The First Computer Virus

A computer virus is typically defined as a malware program that replicates itself by inserting copies or modified copies of itself into other computer programs, data files, or boot sectors of hard drives. When this replication is successful the affected area is said to be infected. The term computer virus is also used in a more broad sense to refer to malware.

Although the technical definitions for the terms computer virus, worm, and malware might overlap in some areas, it’s generally accepted that the first type of computer virus occurred in 1971. In 1971, the internet itself didn’t exist. At the time it was known as ARPANET, this was the scientific military network that preceded today’s internet. This virus was known as the Creeper. Creeper was an experimental self-replicating program that infected DEC (Digital Equipment Corporation) computers across the network. In todays terms, the creeper would be considered a computer worm.

The creeper was written by Bob Thomas at the BBN Technologies lab. Creeper propagated itself throughout ARPANET by exploiting a vulnerability in DEC  computers that were running an operating system known as TENEX operating system. The worm itself wasn’t malicious. It wasn’t designed to do any harm. Upon gaining access to the computer and replicating itself, it would the message broadcast “I’m the creeper, catch me if you can!” on the terminal screen. Consequently, the first virus removal tool, known as  the Reaper,was created. It was designed get rid of the creeper infection.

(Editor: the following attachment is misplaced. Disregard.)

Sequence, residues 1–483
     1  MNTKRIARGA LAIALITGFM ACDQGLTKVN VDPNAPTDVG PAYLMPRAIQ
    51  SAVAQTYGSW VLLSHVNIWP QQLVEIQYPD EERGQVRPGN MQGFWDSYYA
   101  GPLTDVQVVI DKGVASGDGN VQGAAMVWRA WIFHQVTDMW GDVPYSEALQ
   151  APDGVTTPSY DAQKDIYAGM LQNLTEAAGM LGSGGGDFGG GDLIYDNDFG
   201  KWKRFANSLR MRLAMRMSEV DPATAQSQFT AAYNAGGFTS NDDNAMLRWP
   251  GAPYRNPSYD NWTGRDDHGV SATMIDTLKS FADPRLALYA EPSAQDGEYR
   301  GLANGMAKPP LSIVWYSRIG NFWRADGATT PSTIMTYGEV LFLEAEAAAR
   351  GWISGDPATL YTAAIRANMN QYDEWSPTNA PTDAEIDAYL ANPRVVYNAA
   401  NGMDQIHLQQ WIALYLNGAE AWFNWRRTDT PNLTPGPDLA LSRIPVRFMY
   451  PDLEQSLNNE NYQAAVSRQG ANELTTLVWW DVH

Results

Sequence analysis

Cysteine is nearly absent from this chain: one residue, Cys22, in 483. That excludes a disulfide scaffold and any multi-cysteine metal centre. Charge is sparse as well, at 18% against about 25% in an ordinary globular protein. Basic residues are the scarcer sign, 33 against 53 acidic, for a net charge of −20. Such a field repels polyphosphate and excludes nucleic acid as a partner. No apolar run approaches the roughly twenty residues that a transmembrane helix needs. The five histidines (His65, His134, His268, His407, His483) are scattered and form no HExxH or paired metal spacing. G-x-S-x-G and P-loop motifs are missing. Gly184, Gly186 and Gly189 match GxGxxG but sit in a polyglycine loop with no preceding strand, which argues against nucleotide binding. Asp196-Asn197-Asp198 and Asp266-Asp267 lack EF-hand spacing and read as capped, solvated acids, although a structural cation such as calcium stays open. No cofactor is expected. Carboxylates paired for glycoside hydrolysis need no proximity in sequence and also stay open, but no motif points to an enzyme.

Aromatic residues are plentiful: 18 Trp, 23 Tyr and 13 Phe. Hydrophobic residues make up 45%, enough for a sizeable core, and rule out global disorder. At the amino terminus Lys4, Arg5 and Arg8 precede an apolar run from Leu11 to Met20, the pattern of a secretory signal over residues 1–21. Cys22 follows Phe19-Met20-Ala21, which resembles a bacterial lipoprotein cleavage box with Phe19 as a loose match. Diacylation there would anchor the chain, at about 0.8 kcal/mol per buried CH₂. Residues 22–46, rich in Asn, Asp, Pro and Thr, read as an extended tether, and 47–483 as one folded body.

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This methodology requires the most effort to implement but it results in the most optimised recurring cost and will provide the best scalability for apps. This involves re-adapting the code of applications and the heavy use of SAAS solutions in order to replace existing hosted applications.


This method utilizes the power of  PAAS services, like transferring a database to an as-a-service model,  the use of containers for some apps or the use of network/security functions as a service. Greater scalability and lower cost of operation is achieved.

Re-Host (Lift & Shift)

the migration of workloads from  to the cloud without changing the architecture. Machines get to keep their  OS and apps. This is the quickest and easy way to migrate, but since its  utilising IAAS, its is also the most expensive on the long term.